Obama will keep his job. This was a close race to be sure, and the margin of victory within the states was small. But in terms of electoral math, it's some pretty decisive stuff. The fact is, despite the still-stagnant economy, the unpopularity of Obamacare, the president's signature achievement, and the high unemployment rates, Americans registered a vote of support for Obama's general policy thrust. And they rejected GOP extremism.
Where this leaves the president on climate and clean energy is less clear. Since the campaigns left climate change out of the conversation, there's no "mandate" for Obama to act; activists and citizens are going to have to push him. But the fact that he's now secured a second term, as well as his health care reform achievement, he may be more persuadable to make a strong drive on climate.
After all, extreme weather events are making it painfully clear that global warming is on our doorstep. And New York City Mayor Bloomberg explicitly stated that Obama's willingness to fight climate change as his rationale for endorsing him. Any president with an ego and an eye to the history books—that's all of them—will want to include having acted to combat the world's greatest threat in their legacy.
Furthermore, the right (hopefully) learned a lesson in moderation last night. There are bridges too far—on reproductive health, on clean energy, etc. The Republican party's campaign of pure obstinacy, aimed at denying Obama a second term, has failed. The scorched earth anti-government platform has ultimately proved unpopular. The GOP can, of course, continue to govern as stubborn malcontents, refusing to raise taxes even on the wealthy, denying climate change, and blocking jobs bills.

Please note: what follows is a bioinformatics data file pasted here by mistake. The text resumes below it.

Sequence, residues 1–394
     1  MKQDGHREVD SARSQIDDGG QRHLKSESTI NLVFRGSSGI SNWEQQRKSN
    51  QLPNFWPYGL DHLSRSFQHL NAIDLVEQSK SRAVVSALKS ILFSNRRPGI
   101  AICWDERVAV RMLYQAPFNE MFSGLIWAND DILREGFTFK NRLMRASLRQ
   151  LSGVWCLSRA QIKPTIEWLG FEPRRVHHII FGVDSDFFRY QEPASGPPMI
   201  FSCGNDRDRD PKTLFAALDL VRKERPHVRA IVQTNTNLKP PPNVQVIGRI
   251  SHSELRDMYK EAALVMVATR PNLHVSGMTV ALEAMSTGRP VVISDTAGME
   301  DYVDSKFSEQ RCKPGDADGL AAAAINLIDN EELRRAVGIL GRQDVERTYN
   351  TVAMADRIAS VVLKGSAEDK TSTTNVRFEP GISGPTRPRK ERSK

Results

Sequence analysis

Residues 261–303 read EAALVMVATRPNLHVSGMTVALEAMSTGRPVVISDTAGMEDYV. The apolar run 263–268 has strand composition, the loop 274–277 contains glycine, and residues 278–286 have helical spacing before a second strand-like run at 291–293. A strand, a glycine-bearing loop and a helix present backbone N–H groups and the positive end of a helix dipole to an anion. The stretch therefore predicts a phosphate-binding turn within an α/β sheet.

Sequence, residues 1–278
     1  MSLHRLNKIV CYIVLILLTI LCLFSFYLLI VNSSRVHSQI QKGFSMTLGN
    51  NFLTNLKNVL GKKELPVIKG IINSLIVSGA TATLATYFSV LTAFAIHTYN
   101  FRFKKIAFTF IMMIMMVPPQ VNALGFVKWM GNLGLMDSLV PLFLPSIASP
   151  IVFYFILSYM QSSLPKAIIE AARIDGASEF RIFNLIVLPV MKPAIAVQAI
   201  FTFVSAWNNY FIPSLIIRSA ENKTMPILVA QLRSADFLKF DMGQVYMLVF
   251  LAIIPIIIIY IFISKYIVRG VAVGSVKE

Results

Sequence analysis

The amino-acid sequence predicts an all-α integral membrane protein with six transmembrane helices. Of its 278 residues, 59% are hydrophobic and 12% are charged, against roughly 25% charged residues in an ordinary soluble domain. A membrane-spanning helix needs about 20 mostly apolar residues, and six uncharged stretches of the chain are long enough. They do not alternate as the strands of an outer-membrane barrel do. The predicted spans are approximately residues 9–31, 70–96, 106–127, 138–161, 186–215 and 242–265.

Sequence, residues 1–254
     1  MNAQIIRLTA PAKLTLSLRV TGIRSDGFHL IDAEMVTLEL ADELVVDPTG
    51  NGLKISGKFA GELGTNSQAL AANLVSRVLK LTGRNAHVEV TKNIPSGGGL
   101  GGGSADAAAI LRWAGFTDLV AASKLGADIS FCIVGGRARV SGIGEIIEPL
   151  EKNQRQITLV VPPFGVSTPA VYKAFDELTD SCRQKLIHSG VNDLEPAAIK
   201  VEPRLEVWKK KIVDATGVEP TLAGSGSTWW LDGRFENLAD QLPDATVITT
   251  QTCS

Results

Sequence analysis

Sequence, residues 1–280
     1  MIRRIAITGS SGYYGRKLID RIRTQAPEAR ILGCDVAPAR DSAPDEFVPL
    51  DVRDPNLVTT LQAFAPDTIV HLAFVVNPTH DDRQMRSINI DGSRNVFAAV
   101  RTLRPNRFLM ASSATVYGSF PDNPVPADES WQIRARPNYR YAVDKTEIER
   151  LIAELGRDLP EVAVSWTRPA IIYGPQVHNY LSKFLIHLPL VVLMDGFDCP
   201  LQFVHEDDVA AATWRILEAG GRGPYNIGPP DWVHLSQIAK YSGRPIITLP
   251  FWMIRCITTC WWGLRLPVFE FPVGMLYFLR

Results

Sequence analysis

Or it can consider a new strategy; reach across the aisle to enact and preserve what should be bipartisan aims. Like, for starters, maintaining clean energy tax breaks or ending some federal oil subsidies. Wishful thinking, maybe, but a party licking its wounds from a major defeat may want to regain some public trust by finding viable spheres for compromise.
So, the agenda becomes: wake this man up on climate. Remember, he's still gas-happy, he's still probably leaning towards approving Keystone XL, and he's still opening public lands to fossil fuel interests. He's got to face pushback on each; something 350.org is glad to oblige. The climate action group is already planning a demonstration to remind Obama that Keystone XL would be a disaster for the climate. We'll need more where that came from.
In his acceptance speech, Obama vowed to fight to ensure the nation "isn't threatened by the destructive power of a warming planet." He may have earned a somewhat cleaner slate on which to pursue that promise, but partisan gridlock will again rear its ugly head, and the president will have to work to build the case for action. It's going to be an interesting next few years.